Lesson 21

Lesson 21: BHFM and The Stoic Advisor

Weekly Habits for Success - Daily Task to The Habits for Success


In a 2005 Q&A session Bill Gates admitted that he is an awful procrastinator. This “very bad habit” reached its worst at Harvard University. “I didn’t do any work,” he said, “I didn’t go to classes and I didn’t care... That was my positioning: the guy who did nothing until the last minute.”

Hard to believe, right? One of the richest men in the world suffers from the bad habit of procrastination. But don’t worry, this story has a happy ending. He dropped out of Harvard and started what would become… well… you know.

But in the meantime, he had to break his bad habit of procrastination. In his case, the bad habit of procrastination wasn’t just bad, it was horrible. What did Gates do?

“I stopped listening to music and watching TV,” he wrote in a blog. “It sounds extreme, but I did it because I thought they would just distract me… I was avoiding music and TV in the hope of maintaining my focus.” TVs and record players were out of the house. Places with TVs and record players were avoided. The pang to watch TV or listen to music was now a cue to get back to work. Gates said it: it was extreme, but that’s what success and happiness required.

Wow, what an extreme measure, right? But Gates had a choice to make. He knew that his procrastination was either going to control his life or he was going to take control of his life back.

Sometimes, you have to go to extremes to take back what is rightfully yours. Think about it for a moment. What’s the one thing in your life that you can never get back once it’s gone? It’s your TIME. Time is the only non-renewable resource that each of has… and we only have a finite amount of it left.

I like to think of my life as a countdown clock. Every second on that clock that I waste is a moment of my life gone, a moment that I’ll never get back. Think about what I’ve just said for a minute. No, I mean stop reading this for a minute and really think about that. Pay attention to your surroundings and note everything that’s happening and then think to yourself, “that was a moment of life. A real moment of my real life, and now it’s gone forever”.

How many more of those moments are you willing to waste due to bad habits? How many of those precious moments of non-renewable time will slip before you decide to fully start the process of reclaiming as much control over your life as possible?

That’s what you are giving up when you succumb to the bad habits that control your life, even bad habits as seemingly innocuous as procrastination.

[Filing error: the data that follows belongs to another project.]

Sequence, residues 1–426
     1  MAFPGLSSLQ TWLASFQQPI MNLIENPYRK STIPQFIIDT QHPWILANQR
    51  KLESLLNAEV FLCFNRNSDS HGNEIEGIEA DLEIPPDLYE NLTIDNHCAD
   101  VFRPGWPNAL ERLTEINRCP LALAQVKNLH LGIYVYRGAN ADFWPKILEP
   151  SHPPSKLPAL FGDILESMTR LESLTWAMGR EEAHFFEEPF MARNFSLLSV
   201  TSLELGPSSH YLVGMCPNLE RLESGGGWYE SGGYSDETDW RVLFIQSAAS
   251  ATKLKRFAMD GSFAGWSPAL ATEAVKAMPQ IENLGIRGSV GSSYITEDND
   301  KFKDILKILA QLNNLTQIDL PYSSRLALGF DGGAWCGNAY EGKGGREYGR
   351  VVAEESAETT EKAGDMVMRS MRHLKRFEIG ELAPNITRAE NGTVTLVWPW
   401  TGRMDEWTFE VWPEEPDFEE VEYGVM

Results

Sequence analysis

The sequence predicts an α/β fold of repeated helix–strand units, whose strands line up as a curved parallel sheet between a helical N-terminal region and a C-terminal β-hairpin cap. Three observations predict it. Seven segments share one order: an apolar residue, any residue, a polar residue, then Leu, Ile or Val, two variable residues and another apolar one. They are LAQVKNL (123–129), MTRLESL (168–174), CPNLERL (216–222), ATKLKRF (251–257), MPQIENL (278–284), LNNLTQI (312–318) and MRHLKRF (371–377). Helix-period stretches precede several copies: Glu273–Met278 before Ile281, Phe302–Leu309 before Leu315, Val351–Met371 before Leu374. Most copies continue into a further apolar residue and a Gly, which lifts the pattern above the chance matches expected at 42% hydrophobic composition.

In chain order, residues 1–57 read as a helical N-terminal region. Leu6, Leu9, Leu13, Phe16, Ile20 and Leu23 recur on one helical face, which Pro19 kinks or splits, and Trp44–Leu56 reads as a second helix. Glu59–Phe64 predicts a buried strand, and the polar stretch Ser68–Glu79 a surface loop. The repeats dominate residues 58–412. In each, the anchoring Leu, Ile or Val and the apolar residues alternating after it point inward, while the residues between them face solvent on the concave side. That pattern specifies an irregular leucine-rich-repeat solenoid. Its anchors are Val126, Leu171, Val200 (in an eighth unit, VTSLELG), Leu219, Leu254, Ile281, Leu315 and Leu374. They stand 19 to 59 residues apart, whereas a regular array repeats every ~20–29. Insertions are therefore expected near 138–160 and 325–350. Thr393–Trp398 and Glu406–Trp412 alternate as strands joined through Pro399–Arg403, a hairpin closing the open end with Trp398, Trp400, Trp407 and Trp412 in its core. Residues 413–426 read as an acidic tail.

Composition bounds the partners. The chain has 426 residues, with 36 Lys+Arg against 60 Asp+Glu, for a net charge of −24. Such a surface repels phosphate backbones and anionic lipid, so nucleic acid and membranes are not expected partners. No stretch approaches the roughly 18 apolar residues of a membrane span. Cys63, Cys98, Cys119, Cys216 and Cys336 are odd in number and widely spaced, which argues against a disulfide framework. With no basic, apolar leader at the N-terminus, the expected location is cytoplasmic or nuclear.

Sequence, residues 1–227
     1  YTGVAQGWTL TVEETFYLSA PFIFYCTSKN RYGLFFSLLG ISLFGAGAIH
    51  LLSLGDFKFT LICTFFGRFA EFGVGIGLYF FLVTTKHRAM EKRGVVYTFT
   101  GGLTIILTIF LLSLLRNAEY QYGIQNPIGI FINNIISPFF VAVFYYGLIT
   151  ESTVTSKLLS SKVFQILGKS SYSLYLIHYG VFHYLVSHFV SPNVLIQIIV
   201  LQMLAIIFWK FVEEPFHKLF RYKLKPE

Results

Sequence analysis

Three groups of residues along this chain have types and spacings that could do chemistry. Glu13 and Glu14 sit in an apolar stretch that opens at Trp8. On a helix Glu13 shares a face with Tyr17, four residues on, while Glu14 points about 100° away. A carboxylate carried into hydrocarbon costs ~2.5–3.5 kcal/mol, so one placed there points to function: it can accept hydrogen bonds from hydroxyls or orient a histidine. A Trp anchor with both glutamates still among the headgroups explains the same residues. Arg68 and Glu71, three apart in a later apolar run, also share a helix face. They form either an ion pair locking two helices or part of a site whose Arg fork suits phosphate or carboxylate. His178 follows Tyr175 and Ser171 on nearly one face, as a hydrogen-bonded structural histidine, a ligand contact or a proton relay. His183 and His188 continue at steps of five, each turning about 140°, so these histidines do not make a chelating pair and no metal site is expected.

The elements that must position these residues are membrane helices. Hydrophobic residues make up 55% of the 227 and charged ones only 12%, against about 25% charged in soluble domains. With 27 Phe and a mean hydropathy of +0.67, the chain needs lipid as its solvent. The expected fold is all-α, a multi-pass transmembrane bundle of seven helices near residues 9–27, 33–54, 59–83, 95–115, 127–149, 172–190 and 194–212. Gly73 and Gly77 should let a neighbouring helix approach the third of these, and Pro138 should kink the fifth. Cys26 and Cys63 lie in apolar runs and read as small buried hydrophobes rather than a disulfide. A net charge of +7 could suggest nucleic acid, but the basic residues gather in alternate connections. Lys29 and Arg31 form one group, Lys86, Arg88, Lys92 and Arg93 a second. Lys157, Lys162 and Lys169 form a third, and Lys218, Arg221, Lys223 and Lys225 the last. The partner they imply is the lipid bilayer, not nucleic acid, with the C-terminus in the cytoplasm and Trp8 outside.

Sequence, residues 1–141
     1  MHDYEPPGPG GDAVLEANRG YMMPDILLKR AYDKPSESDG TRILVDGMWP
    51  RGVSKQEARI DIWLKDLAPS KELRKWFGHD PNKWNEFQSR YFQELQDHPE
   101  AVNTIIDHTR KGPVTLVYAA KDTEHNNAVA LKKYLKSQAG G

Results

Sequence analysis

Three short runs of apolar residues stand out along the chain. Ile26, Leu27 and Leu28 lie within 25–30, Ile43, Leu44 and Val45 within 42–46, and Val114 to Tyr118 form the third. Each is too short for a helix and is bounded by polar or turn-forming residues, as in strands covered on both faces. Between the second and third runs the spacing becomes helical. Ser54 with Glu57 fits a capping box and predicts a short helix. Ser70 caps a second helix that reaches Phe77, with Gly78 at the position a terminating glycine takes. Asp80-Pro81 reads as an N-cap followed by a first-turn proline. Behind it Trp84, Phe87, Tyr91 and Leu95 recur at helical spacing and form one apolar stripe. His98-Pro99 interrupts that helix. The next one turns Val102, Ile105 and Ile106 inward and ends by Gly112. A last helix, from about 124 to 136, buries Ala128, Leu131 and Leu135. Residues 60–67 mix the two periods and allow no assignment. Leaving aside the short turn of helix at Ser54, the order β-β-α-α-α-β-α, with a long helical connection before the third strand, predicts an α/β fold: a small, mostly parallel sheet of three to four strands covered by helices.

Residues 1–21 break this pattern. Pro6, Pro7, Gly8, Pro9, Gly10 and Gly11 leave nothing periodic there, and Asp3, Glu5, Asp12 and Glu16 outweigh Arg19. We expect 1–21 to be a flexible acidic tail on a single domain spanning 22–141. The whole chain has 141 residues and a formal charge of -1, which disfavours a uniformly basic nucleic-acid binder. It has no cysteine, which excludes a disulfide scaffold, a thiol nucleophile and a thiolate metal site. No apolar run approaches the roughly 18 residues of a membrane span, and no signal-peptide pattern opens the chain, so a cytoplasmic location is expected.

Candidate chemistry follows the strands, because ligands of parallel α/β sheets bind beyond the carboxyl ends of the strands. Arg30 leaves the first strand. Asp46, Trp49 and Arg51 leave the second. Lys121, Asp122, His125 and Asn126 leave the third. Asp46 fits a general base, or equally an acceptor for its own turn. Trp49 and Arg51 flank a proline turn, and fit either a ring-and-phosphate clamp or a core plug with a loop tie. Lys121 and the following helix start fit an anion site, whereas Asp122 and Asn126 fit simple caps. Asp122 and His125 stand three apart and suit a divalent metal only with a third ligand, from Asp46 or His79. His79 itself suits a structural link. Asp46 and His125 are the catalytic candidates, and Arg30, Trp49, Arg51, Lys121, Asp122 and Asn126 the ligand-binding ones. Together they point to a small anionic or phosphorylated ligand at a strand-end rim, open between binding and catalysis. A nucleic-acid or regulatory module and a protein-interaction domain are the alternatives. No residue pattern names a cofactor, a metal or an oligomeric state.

So what do we have to do to fix this problem?

Let’s start by identifying the triggers that set them off. Just like Gates removed music from his life (albeit temporarily) because it was a trigger, what triggers set you off and what changes do you need to make to fix that problem?

Let’s start by logging our day, most importantly, to log our triggers for our bad habits. When a dietician starts working with someone who has an eating disorder, they have them record every bit of food they eat in a typical day, week, and month to get a feel for what their patterns are. So even if you don’t know what your triggers are, you can start to get clues by logging your day.

Studies have shown that keeping a food journal over the course of several weeks or even months is one of the most surefire ways to lose weight, but more importantly, it forces a person to see on paper everything they consume. And that simple awareness of everything you consume often reveals shocking patterns. Similarly, a spending log serves the same purpose for people that need to make changes in their relationship to money. As Musonius Rufus said, we do a lot of things almost unconsciously by “following wretched habits.”

Chris Bailey, the author of The Productivity Project, says awareness is the first step to behavior change. “Without becoming aware of how you currently spend your time, it’s hard to reflect on whether you’re acting in ways that match up with what your values and highest-impact tasks are.” To become aware, Bailey recommends keeping an activity log for a period of a week or two. But even if you only devote an afternoon to this task, it’s still quite worth it.

This new task for you is to start a process of keeping track of your activities, specifically activities that are triggers for your bad habits. Triggers can be emotional, physical, or situational. Whether getting nervous makes you take a smoke break, or you always go straight to the fridge to “graze” when you get home from work, or you grab a beer when you sit down to watch the news, keep track of the things that precede your bad habits, write them down, and even timestamp them if you can.

Yes, this will be hard, but it’s all a part of the process of regaining control of the time you have left on this earth and making the most of it!

NEW TASK: Start keeping track of what you are doing immediately preceding your bad habits.

NEW HABIT: Focus every day on your touchstone phrases and remind yourself to live up to those standards and how great it will feel when you do!